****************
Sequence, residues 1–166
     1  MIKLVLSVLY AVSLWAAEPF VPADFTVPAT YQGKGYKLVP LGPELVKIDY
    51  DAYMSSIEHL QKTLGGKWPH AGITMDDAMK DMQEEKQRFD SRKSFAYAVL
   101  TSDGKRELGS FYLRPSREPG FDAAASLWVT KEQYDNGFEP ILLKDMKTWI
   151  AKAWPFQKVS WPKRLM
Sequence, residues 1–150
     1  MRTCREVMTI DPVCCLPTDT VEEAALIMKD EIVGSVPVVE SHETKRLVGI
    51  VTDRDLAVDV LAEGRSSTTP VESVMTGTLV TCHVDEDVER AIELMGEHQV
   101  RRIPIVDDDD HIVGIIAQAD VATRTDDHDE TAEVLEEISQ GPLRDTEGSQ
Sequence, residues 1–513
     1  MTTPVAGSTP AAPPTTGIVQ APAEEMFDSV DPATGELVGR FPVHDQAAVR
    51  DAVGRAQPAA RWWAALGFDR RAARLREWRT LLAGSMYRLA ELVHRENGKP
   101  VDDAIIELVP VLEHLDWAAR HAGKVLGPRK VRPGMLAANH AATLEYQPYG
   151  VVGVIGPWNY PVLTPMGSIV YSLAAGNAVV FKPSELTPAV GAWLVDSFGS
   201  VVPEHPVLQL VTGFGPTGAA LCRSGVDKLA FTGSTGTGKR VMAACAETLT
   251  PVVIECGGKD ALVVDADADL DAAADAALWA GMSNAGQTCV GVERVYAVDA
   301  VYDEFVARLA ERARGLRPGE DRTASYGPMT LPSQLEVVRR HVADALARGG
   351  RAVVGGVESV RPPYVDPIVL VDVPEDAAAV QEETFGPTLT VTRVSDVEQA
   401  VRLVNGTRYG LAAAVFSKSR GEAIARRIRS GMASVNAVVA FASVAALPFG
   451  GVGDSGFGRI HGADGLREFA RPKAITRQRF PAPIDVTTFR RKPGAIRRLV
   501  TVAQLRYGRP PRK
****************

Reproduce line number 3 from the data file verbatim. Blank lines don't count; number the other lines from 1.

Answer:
    51  DAYMSSIEHL QKTLGGKWPH AGITMDDAMK DMQEEKQRFD SRKSFAYAVL